For many companies, global marketing means having a limited number of user-based materials, like brochures or technical product pamphlets, translated into another language. Often, companies cringe at the thought of the extra cost and dedication of resources required to correctly approach a global market with a complete localized strategy designed with the proper translation and transcreation.
Transcreation? Yes. Transcreation is the key to a successful global marketing strategy because your brand surrounds your customer with your message comfortably and effectively to fit their localized market.
Look at it this way: It’s not enough to simply translate marketing materials into another language if the rest of the message and branding is completely off.
Transcreation is a larger process than simple translation because you are creating a brand and message that meets and greets customers on a cultural level with images, intonation, style, and content. Gone are the days when a brochure or product manual could be translated into a few languages without concern for the subtidal nuances of culture.
The clear answer is that a transcreation content strategy is necessary because customer transfers the discomfort of language and cultural barriers onto the message and value proposition of the brand. With this in mind, these are the four trends in transcreation marketing that are changing the face of global marketing strategies:
- Global Growth. Many companies set their sights on global domination as part of the business plan without ever considering the necessity create a transcreation marketing strategy. Without planning the proper go-to-market strategy that includes the holistic approach of localization, your marketing message, brand, and sales expectations may be completely off base. Each global marketplace comes with a different set of cultural and linguistic challenges that can be visual, aural, or tactile. While a customer does not understand why they like competitor offerings better, customers will explain the lack of brand attraction with each mighty dollar, peso, or yen they spend.
- Change Causes Pain. When creating marketing materials, the cardinal rule of engagement is creating a strong brand that people that resonates with people. Globalized marketing without a transcreation content strategy can be disastrous and expensive for a company, brand, and reputation. For example, in 2009, HSBC Bank learned how much it cost to rebrand due to transcreation problems when their “Assume Nothing” campaign translated overseas as “Do Nothing.” As a result, HSBC Bank spent over $10 million dollars to change their tagline worldwide to a friendly, more culturally acceptable “The World’s Private Bank.” Small differences in cultures can translate into big discomforts to your customer base and damage to your bottom line.
- Digital Representation. Some companies believe that a complete digital marketing strategy means content and website translationally correct for the localized marketing. In fact, that is only a small part of the digital footprint of the company. Expected by most buyers in an international market, this short-sighted approach to digital marketing simply will not be enough to give you the edge over your competition in the global marketplace. “From soup to nuts” is an American idiom that expresses the need for a complete transcreation digital marketing strategy beginning to end including digital content, website design, social media, and SEO. By touching every part of the marketing channel, you are sure that your customer is receiving the right message and brand representation to boost conversions.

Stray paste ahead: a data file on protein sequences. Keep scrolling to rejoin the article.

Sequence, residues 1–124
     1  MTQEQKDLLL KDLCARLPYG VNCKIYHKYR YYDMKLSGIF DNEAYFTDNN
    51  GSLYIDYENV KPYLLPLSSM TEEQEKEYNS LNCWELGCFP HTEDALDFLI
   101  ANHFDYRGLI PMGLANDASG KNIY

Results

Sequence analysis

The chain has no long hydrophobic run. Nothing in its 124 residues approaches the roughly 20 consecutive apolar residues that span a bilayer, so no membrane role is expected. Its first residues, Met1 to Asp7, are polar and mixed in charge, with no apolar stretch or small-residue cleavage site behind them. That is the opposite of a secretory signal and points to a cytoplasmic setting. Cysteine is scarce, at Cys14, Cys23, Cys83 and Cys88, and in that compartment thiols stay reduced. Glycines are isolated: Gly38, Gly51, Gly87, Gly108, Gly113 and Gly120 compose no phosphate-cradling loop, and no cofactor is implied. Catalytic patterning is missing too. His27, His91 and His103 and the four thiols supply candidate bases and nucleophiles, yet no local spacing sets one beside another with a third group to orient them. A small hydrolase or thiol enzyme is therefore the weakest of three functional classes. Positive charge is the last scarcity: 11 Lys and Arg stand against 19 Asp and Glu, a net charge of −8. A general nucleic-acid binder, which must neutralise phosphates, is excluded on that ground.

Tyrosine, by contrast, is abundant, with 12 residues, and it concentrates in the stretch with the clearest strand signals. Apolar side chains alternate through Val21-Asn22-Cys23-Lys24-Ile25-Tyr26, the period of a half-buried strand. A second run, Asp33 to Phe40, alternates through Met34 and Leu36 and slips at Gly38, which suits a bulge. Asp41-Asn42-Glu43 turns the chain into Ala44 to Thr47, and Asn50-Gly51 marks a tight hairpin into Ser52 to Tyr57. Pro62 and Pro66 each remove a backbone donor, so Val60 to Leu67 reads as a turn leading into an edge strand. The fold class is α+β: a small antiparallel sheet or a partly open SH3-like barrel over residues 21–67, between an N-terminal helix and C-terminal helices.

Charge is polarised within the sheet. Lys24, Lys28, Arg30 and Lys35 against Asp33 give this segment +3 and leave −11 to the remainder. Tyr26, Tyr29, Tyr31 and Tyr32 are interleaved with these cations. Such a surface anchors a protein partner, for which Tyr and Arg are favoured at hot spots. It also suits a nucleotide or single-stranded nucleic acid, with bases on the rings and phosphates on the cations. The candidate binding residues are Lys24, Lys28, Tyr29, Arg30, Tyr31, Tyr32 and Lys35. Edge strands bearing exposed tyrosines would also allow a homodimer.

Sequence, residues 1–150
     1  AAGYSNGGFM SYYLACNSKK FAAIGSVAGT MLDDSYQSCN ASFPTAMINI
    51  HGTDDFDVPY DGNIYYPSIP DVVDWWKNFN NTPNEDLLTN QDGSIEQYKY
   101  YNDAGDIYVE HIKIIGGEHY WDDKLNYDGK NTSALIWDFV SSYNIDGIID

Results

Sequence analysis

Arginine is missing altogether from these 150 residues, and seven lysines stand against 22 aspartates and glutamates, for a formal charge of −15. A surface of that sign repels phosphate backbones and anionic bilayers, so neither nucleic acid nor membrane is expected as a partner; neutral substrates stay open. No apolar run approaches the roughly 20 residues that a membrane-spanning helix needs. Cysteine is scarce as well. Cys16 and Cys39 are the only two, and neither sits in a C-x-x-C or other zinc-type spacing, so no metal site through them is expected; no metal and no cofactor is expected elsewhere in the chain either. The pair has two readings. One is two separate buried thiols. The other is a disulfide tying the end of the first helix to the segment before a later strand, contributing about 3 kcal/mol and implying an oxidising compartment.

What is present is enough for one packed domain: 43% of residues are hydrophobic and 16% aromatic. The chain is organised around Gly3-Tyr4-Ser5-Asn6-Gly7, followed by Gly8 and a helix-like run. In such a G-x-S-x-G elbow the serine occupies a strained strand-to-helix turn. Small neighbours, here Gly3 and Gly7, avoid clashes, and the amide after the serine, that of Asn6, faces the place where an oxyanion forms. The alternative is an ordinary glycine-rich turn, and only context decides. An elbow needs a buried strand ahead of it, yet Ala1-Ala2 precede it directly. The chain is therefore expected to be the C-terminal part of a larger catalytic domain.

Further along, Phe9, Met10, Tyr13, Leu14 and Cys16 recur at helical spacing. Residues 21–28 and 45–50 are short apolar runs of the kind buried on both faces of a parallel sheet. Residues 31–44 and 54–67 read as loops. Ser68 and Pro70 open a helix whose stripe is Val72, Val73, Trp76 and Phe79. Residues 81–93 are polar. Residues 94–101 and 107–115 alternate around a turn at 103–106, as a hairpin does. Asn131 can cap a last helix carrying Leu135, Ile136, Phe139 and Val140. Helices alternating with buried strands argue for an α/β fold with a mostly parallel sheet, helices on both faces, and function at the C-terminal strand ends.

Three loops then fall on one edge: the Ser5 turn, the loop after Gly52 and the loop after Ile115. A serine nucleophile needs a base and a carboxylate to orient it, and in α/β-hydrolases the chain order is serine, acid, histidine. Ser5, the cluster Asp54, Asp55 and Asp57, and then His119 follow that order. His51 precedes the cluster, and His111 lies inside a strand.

- The rise of the Mobile Market. In the way that the internet changed buying habits for customers around the world, the mobile market is doing the very same thing. Adding the element of on-demand marketing to an on-the-move audience, mobile marketing is giving customers the ability to find sellers quickly at the right time in the buying cycle. “NOW” is the catch-phrase for the mobile generation. Without a properly optimized transcreation content marketing strategy aimed at the mobile market, many companies will be left behind due to a lack of quality content that is easily accessible at the right buy-in moment for the customer. Long customer service responses, unavailable products, and culturally inaccessible information can be the death of any attempt at globalization. Studies show that even price is secondary to customer demand for localized information.
With the dawn of the internet generation, the world moved into a place where language and cultural barriers are no longer acceptable between companies and their buyers. All marketing materials, digital and traditional, must be aligned with the proper transcreation content strategy to really win a place in the global market with customers.
Just as it would be unwise to open a Mexican food restaurant in downtown Singapore without great research and market planning, it is equally unwise to go global without the correct transcreation marketing strategy that surrounds your audience with a comfortable, relational brand.
Ready to plan your next transcreation marketing project?
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